During the 1870s, a significant portion of Christian Hamshen Armenians migrated to the shores of the Black Sea, mainly the district of Batoum, Abkhazia, and even Crimea, where they could re-awaken the Christian lifestyle and other aspects of their national identity. Today, more than 100 thousand Hamshen Armenians reside in the Sochi district. They had moved there out of necessity and succeeded in preserving and developing their culture and becoming regular citizens of a new state. They speak their native language and they have erected cross-stones commemorating the Armenian Genocide in a few villages. The Sochi Armenians devote much attention to cultural life and athletic education. Every year, they organize a cultural festival, and in 2005 alone five young Armenian athletes from the region won international championships in five different sports. The area's Armenian community has constructed the St. Sarkis Church. In Sochi, education plays an important role in the preservation of national identity. The local Armenian community has seven schools teaching both Russian and Armenian. The main difficulty the schools face is the availability of textbooks on Armenian language and literature. These books are purchased through contributions from parents. The Hamshen Armenian community of Russia is numerous too, has succeeded in preverving its national and religious identity, but they have just started organizing themselves.

Tens of thousands of Hamshen Armenians reside in Armenia. According to a census conducted a decade ago, the number of Hamshen Armenians living in Armenia was 14,000. In 1992, the "Hamshen Armenian Association" was created, and publishes a free newspaper, circulated also to Armenians in Apkhazia and the district of Krasnodar. The paper prints 1000 copies per issue and contains articles on the history of Hamshen in Armenian and Russian.

We are slowly reaching the conclusion that the Muslim Armenian is also Armenian, and has embraced Islam under pressure. Hamshen Armenians are also starting to overcome their internal psychological barrier, and some cases of marriages between Christian and Muslim Hamshen Armenians have been documented.

Naturally, certain factions within our nation still rebel against the concept considering the factor of religion. But no doubt that with time, they will reach the same conclusion that a hand must be extended to the Armenian who was compelled by fate to convert to Islam.

After all, they are our compatriots.

----------
(*) Hamshen Armenians are referred to in English as Hemshils and their dialect is subject to extensive research by many linguists.

Horizon Weekly 2006.03.01
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Re: The Armenians of Hamshen are out Compatriots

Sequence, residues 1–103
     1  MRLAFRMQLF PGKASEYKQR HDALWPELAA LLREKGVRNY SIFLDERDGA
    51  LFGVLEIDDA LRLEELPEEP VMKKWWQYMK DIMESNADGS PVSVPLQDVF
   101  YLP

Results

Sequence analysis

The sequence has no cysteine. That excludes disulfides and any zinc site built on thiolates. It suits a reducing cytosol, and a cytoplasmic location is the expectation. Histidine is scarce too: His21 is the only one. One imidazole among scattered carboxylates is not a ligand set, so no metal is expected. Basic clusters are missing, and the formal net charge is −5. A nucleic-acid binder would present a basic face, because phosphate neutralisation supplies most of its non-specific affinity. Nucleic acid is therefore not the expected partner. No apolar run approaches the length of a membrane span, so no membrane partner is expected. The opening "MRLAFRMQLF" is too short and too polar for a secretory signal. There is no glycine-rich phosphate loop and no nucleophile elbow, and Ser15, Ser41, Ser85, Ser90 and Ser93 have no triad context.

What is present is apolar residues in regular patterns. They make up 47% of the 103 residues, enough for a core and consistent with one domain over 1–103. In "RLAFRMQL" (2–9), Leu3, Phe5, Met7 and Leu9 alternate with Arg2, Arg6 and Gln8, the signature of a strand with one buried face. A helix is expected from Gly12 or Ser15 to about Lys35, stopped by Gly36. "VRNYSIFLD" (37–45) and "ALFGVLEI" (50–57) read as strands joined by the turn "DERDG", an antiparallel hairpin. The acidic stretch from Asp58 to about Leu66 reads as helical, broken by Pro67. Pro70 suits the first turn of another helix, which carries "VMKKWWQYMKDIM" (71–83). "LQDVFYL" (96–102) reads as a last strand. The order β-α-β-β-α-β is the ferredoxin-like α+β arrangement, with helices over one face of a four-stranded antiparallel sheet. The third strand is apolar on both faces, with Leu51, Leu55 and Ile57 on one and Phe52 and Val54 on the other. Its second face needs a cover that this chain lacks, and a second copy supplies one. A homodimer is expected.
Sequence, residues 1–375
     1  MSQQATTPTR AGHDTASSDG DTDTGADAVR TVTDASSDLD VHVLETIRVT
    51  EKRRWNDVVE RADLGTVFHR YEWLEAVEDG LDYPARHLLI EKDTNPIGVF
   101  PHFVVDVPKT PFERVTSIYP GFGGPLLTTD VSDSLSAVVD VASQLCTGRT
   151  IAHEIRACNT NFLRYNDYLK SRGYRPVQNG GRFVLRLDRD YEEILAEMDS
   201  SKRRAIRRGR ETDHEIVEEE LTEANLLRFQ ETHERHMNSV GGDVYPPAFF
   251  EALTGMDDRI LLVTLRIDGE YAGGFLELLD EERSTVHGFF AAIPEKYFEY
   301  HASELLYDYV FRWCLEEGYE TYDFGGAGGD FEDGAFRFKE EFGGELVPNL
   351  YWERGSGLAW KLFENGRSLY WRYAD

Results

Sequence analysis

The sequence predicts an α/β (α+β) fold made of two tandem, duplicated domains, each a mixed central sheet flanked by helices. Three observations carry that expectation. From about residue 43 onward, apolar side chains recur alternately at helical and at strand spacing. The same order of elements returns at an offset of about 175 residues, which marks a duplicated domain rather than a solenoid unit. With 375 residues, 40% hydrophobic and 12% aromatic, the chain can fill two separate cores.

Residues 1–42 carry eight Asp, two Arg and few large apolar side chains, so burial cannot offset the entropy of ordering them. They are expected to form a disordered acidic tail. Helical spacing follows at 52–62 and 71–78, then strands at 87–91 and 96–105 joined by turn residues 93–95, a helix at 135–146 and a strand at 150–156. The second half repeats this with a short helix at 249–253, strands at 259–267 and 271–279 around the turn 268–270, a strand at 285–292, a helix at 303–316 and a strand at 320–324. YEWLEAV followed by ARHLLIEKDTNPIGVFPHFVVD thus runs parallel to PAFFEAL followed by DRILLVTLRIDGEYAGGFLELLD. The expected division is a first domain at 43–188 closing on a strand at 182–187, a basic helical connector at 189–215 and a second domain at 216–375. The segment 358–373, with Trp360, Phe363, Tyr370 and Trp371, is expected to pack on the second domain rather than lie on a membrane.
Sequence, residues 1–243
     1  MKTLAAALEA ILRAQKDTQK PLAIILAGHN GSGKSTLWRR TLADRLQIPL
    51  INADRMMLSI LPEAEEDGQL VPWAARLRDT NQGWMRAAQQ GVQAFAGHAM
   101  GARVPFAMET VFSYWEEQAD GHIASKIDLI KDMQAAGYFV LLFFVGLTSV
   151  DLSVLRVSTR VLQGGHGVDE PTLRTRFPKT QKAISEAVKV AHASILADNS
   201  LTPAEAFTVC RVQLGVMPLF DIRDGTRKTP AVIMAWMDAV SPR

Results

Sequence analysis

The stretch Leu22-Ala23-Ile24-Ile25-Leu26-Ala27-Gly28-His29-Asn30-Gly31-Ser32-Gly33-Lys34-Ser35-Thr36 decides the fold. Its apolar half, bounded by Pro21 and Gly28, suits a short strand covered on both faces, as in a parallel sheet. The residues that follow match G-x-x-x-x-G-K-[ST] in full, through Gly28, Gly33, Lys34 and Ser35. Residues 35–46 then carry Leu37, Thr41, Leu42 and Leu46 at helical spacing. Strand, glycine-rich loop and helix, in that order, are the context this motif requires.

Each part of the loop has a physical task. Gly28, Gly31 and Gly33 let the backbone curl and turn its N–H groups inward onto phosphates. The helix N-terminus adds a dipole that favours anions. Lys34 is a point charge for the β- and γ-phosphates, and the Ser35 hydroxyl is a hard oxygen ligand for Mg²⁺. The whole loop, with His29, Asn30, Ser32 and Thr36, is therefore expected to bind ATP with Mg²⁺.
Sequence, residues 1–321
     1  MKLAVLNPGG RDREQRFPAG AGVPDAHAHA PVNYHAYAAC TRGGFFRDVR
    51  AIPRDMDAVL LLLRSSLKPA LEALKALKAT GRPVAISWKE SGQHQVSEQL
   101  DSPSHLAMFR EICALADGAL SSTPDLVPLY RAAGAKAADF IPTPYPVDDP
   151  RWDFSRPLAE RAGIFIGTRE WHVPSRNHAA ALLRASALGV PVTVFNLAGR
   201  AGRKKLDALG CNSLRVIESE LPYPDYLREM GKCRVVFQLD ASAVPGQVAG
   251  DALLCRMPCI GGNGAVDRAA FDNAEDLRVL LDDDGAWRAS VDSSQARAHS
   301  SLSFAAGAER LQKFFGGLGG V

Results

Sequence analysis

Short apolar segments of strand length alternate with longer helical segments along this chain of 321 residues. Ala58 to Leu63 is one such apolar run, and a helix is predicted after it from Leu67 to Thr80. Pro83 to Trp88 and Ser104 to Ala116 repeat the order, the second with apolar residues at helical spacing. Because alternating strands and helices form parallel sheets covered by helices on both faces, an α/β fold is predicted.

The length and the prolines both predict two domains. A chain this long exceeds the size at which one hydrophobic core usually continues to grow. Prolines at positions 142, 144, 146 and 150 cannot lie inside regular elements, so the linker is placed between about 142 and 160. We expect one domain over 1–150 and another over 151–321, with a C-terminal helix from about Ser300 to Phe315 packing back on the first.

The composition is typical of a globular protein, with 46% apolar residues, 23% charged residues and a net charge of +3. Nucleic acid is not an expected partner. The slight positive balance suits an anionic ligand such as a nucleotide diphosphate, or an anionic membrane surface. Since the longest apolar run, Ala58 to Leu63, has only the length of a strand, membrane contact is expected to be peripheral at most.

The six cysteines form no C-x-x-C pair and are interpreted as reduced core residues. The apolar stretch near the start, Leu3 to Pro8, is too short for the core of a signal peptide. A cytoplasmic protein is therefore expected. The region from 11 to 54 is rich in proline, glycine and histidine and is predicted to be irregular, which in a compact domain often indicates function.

Postby artem » 06 Jul 2007, 14:44

Nayiri Mgrditchian wrote:Today, according to unofficial reports, 1,350,000 ethnic Armenians live in Western Armenia and nearby regions. 700,000 of these Armenians still remember their national origins.

So, up to ~50% of ethnic Armenians in Western Armenia forgot their origins during the islamization process :(
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Postby hagop » 06 Jul 2007, 17:51

Artem,

Those numbers are just numbers, or more like gueses. Nobody knows the real numbers or, for that matter, the effect of the centuries-long pouring of tons of Armenian genes into the Turkish/Azeri and Kurdish gene pool.

But there is something still worse -- most Armenians in Diaspora and Armenia are unconcerned Armenians -- that is without the Islamicization process to blame it on.
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Postby artem » 08 Jul 2007, 15:16

hagop wrote:But there is something still worse -- most Armenians in Diaspora and Armenia are unconcerned Armenians -- that is without the Islamicization process to blame it on.

Yes, you're right :(
I think, it occurs therefore, we know very little about our people still living on the historical native land.
We know only about Armenians who live openly in territory of Turkey (mainly in Istanbul).

Official Ankara interferes with an establishment of contacts to our people, living on territory of Cilicia, Hamshen and other historical places of residing of Armenians :(
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Postby artem » 08 Jul 2007, 15:21

artem wrote:Official Ankara interferes with an establishment of contacts

This problem is actual also for Assyrians, Greeks and other minorities in Turkey :(
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Postby hagop » 08 Jul 2007, 17:01

artem wrote:
artem wrote:Official Ankara interferes with an establishment of contacts

This problem is actual also for Assyrians, Greeks and other minorities in Turkey :(


True. However, our indifference is worse that than interference. Sooner we understand this fact and are honest about it, the better off we are.
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Postby artem » 09 Jul 2007, 07:51

hagop wrote: Sooner we understand this fact and are honest about it, the better off we are.
You're right!